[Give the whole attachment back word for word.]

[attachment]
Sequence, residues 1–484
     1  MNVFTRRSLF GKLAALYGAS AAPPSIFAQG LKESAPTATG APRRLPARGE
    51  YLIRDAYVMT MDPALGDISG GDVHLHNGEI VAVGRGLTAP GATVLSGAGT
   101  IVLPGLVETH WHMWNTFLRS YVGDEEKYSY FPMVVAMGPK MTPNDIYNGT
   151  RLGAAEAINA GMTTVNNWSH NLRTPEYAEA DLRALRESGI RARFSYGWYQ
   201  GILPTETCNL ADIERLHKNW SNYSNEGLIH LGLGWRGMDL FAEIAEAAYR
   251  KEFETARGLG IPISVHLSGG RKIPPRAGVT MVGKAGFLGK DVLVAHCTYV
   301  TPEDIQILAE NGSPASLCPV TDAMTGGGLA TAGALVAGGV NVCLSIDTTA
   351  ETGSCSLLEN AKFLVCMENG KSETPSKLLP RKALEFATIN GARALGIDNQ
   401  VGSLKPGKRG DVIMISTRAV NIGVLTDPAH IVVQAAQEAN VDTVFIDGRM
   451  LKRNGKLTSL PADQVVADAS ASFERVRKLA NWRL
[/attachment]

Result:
Sequence, residues 1–484
     1  MNVFTRRSLF GKLAALYGAS AAPPSIFAQG LKESAPTATG APRRLPARGE
    51  YLIRDAYVMT MDPALGDISG GDVHLHNGEI VAVGRGLTAP GATVLSGAGT
   101  IVLPGLVETH WHMWNTFLRS YVGDEEKYSY FPMVVAMGPK MTPNDIYNGT
   151  RLGAAEAINA GMTTVNNWSH NLRTPEYAEA DLRALRESGI RARFSYGWYQ
   201  GILPTETCNL ADIERLHKNW SNYSNEGLIH LGLGWRGMDL FAEIAEAAYR
   251  KEFETARGLG IPISVHLSGG RKIPPRAGVT MVGKAGFLGK DVLVAHCTYV
   301  TPEDIQILAE NGSPASLCPV TDAMTGGGLA TAGALVAGGV NVCLSIDTTA
   351  ETGSCSLLEN AKFLVCMENG KSETPSKLLP RKALEFATIN GARALGIDNQ
   401  VGSLKPGKRG DVIMISTRAV NIGVLTDPAH IVVQAAQEAN VDTVFIDGRM
   451  LKRNGKLTSL PADQVVADAS ASFERVRKLA NWRL